CNBC's NASA spacecraft launches toward Jupiter asteroids on an intricate path charted by Excel

Years before Lucy took off, Lockheed Martin mission architect Brian Sutter used Excel to chart the mission’s path and choose which of the about 5,000 Trojan asteroids the spacecraft should visit.

“Part of the science of this mission was to try to look at as many of these Trojans as we can in a single mission,” Sutter told CNBC.

While Lockheed Martin has a “high fidelity” tool to run individual trajectories, Sutter said that would have taken “forever.” He instead turned to an Excel macro, which is “perfectly suited for sorting through large quantities of data.”

“I had already found a trajectory that connected two of the asteroids to a trajectory that also connected to Earth,” Sutter said.

**Orbit propagation – or modeling the future location of objects in space – “is what I do,” Sutter explained. While his macro consists of “different equations than you’d normally put into Excel,” he emphasized that “at the end of the day it’s all math.”

Sutter took a broad list of 750,000 asteroids and entered them into Excel to “see if they ever accidentally kind of come close to each other.”

“I think this thing took about 12 hours to cycle through all 750,000 of them,” Sutter said. After he ran the macro, he had “a little list of 10 to 20 asteroids that the spacecraft was going to be flying close to.”

His use of Excel to help chart Lucy’s trajectory became famous within Lockheed Martin. He recalled that a colleague once described to others that Sutter “built the most ridiculously complicated Excel spreadsheet I’ve ever seen in my life.”


I've used Excel for scientific numerical computing myself, but it was 20 years ago, and because I was in a pinch and had nothing else available. Now that python/numpy/scipy are so universal I can not imagine why someone would turn to scripting in Excel rather than scripting in Python.

Excel can't even get Bessel functions to better than five digits (not that you'd use Bessel functions to calculate trajectories; just sayin'...)


  1. How long ago was this? When was Lucy's mission first scripted in Excel?
  2. How many asteroid were considered; about 5,000 Trojans or "a broad list of 750,000"?
  • 5
    $\begingroup$ Both Excel and the standard Python implementation use IEEE 64-bit floating point math operations internally; if Excel’s Bessel function is broken that doesn’t speak to any inherent problem with Excel. 99% likely that Sutter was simply more familiar with Excel than Python, and for a one-off job that was just identifying candidates for further study, it got the job done. $\endgroup$ Oct 19 at 17:52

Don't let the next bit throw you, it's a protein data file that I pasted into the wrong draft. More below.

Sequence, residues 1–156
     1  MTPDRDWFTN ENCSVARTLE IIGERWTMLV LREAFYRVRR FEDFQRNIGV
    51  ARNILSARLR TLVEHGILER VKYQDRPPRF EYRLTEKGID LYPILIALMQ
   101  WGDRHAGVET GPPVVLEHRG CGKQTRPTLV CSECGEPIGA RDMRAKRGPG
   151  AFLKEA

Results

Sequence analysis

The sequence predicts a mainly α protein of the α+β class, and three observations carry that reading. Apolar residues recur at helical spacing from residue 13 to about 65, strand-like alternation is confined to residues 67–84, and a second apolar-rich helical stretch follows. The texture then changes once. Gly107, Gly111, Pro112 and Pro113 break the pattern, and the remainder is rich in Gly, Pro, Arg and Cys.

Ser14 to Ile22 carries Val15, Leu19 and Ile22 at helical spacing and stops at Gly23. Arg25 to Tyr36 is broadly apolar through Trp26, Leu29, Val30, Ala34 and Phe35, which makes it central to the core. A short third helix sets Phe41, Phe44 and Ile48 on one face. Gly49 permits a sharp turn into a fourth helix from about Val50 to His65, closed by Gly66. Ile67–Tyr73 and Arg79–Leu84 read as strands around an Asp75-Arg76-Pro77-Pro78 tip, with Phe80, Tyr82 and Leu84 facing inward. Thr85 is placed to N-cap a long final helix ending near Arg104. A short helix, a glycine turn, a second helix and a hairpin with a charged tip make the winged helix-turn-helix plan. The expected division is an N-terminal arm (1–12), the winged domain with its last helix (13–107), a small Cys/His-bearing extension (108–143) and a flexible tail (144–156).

• 3
    $\begingroup$ This is not at all surprising. Many years ago, I took a shot at climbing the management ladder. In the process I became intimately familiar with Excel. I found that management was not my cup of tea; I would much rather be doing technical work. I intentionally found a way to get back onto the technical ladder. There are lots of managers who are intimately familiar with Excel. It often is their go-to tool. When they do get the rare chance to do technical work, they'll often do it in Excel. With the hours they work, they don't have the time to learn about python/numpy/scipy, whatever. $\endgroup$ Oct 20 at 1:30
  • 1
    $\begingroup$ The last question, the one you appear to be most interested in, is completely separate from the other two. And the answer is simple: Internal Research & Development (or possibly Bid & Proposal). NASA did not pay Lockheed-Martin to come up with the design. $\endgroup$ Oct 20 at 2:12
  • 1
    $\begingroup$ @DavidHammen okay sold! I'll split off "Why was the spacecraft builder also the mission architect?" as a separate question, will take some time to refactor it, perhaps generalize a bit. Perhaps something like "Did aerospace companies every pitch deep space science mission designs to NASA? If so, what are some notable examples?" $\endgroup$
    – uhoh
    Oct 20 at 2:26
  • 1
    $\begingroup$ Sometimes management can have tunnel vision & not realize that doing things smarter can sometimes be an opportunity to make even more money. As for spreadsheets, a friend of mine still uses a complex spreadsheet he initially started in the mid 1990s when he was using Lotus 123. I can still remember him complaining how he had to reestablish it in Excel over 20 years ago. $\endgroup$
    – Fred
    Oct 25 at 21:38

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